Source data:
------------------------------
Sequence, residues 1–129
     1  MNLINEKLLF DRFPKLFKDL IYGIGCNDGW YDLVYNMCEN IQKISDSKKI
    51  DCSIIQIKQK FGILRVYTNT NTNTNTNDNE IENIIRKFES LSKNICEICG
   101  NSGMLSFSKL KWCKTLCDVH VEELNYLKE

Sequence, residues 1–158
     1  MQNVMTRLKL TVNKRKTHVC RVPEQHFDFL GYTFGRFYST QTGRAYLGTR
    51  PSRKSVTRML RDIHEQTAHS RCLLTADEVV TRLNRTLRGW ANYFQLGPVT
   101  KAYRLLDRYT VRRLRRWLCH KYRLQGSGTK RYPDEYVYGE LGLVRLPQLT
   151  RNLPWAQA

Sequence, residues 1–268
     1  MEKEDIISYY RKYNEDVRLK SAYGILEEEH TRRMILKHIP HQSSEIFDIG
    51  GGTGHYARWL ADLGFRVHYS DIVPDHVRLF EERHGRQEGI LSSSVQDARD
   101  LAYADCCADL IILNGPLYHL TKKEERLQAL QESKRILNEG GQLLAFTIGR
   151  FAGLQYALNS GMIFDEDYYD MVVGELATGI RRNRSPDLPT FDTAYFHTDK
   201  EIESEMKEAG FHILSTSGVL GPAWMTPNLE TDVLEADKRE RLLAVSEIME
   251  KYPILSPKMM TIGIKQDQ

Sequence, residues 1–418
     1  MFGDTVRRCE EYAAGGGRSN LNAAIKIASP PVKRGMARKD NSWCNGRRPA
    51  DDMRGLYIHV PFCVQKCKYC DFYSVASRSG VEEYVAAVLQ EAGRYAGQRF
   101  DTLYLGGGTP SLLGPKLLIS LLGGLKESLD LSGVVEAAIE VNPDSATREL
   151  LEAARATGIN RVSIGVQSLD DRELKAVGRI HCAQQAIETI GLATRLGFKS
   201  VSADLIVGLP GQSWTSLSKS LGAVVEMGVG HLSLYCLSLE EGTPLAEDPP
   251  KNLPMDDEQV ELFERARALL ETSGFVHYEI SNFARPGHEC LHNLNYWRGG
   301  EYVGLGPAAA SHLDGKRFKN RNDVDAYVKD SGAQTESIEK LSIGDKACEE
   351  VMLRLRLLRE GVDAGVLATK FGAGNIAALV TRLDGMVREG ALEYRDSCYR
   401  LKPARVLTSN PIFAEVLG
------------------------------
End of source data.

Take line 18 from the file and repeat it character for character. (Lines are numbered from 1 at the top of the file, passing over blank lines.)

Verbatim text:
     1  MFGDTVRRCE EYAAGGGRSN LNAAIKIASP PVKRGMARKD NSWCNGRRPA